I’m sure Jesse Squires didn’t mean to, but this morning he really got my dander up.
In the results lists for the Cowboy Jamboree X-C meet, we find the following top finishers:
1. Kennedy Kithuka, Texas Tech
2. Kirubel Erassa, Oklahoma State
3. Shadrack Kipchirchir, Oklahoma State
4. Futsum Zienellassie, Northern Arizona
5. Brian Shrader, Northern Arizona
6. Tom Farrell, Oklahoma State
7. Joseph Manilafasha, Oklahoma State
8. Mason Ferlic, Michigan
Note that Oklahoma State is the #1-ranked team in the nation, and that 3 if its 4 top-8 finishers (and 5 of the top 8 athletes overall) are from Africa.
Is it just me, or should NCAA track and field consider giving itself another name – say, “NTF,” for conformity with NBA, NHL, NFL?
Let’s face it, what we’ve got in some top college track and field programs today is shamateurism. It’s de facto professional age-group sports, complete with worldwide recruiting.
I’m no racist, but … the universities of Nairobi and Addis Ababa at Stillwater and Tucson just make me laugh.
I hear voices raised in protest: “Nothing wrong with that – may the new world of global sports thrive!”
I guess I’m an old fogey. I like my track and field with a dose of classic amateurism. I believe there’s something beautiful about sports at the elementary-school level, and that the factors that make it beautiful ought to be preserved for as long as possible, as children make their way through their education.
My faith is expressed beautifully in an article by the late Bil Gilbert, “Gleanings From a Troubled Time” (Sports Illustrated, December 25, 1972). It includes one of the most inspiring paeans to sports amateurism I’ve read (I’m 71, so I’ve read some).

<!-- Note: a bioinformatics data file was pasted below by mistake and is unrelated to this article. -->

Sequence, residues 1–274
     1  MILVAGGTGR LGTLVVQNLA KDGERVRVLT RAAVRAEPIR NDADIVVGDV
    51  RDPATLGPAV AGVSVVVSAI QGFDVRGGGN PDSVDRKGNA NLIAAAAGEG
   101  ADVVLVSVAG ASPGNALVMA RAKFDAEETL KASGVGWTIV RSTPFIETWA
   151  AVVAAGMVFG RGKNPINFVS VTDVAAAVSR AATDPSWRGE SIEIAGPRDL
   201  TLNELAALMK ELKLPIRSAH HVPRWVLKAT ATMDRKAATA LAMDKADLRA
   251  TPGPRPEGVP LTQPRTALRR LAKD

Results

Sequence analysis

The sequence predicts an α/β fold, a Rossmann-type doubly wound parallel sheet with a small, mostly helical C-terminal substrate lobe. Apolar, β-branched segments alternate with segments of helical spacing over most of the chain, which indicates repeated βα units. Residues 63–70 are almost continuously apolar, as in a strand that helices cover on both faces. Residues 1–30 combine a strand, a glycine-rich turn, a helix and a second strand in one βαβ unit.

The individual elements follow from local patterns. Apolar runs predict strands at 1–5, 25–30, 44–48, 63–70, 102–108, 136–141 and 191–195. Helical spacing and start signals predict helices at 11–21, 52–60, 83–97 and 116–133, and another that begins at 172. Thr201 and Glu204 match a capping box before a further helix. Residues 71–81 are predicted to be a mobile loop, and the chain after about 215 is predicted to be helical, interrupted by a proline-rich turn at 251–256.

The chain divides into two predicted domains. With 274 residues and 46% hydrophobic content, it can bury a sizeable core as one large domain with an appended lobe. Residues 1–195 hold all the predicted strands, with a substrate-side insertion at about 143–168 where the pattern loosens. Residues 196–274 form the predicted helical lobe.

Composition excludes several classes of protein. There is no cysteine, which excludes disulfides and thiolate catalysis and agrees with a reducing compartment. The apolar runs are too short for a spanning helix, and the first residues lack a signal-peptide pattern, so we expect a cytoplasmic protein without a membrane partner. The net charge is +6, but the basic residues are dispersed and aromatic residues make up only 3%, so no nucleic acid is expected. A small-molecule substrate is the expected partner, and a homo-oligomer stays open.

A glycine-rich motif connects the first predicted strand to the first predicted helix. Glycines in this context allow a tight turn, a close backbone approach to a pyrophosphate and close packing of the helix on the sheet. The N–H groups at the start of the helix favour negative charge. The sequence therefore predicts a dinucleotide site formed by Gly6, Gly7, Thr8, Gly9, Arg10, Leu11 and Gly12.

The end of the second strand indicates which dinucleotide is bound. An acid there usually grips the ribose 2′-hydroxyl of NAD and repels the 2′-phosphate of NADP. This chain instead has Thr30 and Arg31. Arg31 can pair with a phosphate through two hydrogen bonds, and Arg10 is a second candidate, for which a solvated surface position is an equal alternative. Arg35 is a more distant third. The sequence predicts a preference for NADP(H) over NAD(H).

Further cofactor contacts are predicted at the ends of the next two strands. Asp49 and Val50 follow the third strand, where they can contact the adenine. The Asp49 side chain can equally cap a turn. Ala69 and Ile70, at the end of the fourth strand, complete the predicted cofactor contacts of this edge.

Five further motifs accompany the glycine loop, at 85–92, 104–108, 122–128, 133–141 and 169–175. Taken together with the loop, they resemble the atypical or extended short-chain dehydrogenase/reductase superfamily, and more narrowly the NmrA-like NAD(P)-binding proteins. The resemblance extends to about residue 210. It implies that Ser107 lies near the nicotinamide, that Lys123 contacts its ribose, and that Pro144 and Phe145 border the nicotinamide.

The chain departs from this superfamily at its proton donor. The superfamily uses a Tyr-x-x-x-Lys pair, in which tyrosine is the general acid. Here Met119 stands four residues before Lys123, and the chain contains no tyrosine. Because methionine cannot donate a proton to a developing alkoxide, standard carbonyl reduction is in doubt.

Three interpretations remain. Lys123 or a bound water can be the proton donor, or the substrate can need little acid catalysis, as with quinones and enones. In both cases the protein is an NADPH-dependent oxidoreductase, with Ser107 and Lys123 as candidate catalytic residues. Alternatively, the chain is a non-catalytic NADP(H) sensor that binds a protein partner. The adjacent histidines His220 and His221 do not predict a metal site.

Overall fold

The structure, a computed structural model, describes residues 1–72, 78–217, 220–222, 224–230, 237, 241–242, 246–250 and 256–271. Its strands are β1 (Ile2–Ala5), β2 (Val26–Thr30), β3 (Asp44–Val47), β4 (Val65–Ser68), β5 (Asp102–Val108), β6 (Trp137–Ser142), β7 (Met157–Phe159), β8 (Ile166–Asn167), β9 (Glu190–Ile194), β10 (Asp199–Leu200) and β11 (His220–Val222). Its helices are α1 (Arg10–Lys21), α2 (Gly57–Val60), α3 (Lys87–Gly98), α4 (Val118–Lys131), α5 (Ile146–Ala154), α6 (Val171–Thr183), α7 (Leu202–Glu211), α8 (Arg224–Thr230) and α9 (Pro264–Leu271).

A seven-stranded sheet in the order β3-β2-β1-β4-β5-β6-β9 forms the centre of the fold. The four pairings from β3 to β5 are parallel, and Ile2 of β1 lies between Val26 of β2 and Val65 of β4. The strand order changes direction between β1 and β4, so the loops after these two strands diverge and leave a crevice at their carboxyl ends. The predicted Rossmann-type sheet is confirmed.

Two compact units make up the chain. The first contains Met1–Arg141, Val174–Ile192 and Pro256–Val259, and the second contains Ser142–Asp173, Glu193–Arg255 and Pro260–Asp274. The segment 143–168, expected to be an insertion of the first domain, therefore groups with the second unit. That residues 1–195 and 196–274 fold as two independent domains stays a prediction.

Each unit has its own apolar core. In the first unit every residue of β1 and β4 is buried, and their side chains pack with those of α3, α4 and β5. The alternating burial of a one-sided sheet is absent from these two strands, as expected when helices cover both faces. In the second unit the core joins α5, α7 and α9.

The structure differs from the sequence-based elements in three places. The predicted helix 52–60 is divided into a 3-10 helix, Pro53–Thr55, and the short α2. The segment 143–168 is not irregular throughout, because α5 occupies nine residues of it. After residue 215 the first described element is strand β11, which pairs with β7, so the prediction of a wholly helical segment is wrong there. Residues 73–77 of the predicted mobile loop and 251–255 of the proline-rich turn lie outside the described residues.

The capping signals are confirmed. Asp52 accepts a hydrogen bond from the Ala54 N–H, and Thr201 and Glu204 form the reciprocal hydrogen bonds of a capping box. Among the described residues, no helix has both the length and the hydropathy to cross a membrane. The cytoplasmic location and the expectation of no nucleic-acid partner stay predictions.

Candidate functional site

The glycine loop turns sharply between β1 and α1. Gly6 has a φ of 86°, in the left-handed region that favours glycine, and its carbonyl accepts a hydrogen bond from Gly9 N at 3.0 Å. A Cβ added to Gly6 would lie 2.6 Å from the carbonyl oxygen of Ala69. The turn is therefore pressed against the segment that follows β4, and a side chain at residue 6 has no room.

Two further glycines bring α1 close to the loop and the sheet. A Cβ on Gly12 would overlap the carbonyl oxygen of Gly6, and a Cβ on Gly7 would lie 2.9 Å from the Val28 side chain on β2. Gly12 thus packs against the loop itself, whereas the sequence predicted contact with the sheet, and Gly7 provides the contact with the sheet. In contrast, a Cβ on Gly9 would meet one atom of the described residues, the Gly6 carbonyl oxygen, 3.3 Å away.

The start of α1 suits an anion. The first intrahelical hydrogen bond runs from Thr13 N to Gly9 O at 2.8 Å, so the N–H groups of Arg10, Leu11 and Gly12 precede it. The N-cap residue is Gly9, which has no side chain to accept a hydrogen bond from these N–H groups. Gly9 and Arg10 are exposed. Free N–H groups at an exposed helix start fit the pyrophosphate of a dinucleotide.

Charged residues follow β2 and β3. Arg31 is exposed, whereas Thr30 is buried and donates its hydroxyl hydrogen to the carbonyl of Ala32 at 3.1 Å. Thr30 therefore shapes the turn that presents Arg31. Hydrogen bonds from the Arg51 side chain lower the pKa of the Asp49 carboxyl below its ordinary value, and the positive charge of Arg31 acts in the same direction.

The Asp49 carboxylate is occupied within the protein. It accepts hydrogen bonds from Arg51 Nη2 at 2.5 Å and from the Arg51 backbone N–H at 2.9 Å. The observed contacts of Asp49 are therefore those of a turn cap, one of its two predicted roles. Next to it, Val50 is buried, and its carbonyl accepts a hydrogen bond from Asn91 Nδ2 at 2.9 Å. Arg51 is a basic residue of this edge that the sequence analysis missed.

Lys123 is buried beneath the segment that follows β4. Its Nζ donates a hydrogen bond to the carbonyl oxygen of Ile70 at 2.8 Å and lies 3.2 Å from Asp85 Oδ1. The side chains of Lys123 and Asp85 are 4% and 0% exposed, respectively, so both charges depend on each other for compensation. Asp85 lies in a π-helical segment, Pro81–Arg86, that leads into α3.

I have no problem with foreign-born athletes running and learning in the U.S. It’s their coaches I mind. Their obvious mentality of winning at any cost is, in my book, just plain sick. Particularly in an environment where the main goal ought to be providing opportunities for all comers. Coaches should not displace athletes who would otherwise be able to compete, with superstars seeking a footstep to the Diamond League.
I believe there’s a good argument to be made for the notion that winning isn’t everything, and that coaches don’t need to look beyond American athletes in order to win. In fact, I think we should re-define winning.
Consider Bill Aris, coach of the perennial U.S. #1-ranked Fayetteville-Manlius HS girls’ cross-country team in Manlius, NY. I’ve written about Bill’s coaching philosophy. Bill expressed his approach:
“You start with the mind and the heart. We try to find out what makes a kid tick. We talk to them, we spend time with them, we ask them – this is in advance of any serious running – and find out what motivates them and what they aspire to do and achieve, even if they’re runners, or even if they’re not runners yet. Okay. And our emphasis is on getting them to see what we may perceive as their potential. And when they see it and they invest of themselves or, as they say, buy into it, then the rest of it’s easy.”
Even if Bill weren’t succeeding brilliantly, if he were only inspiring kids of average talent to make the best of themselves, he would be a big winner.
This is coaching as it should be – concerned with the individual athlete, NOT with the coach’s win-loss record. That’s putting it backwards.
The coaches who import runners from Africa to build their resumes are the biggest losers. They’re confessing their weakness as coaches. They’re saying, “For me, winning is everything – the education of young people is secondary. I can’t be successful unless I can work with athletes who have tremendous, world-class talent. Without that kind of athlete, I’m a nobody.”
Well, yes, you are.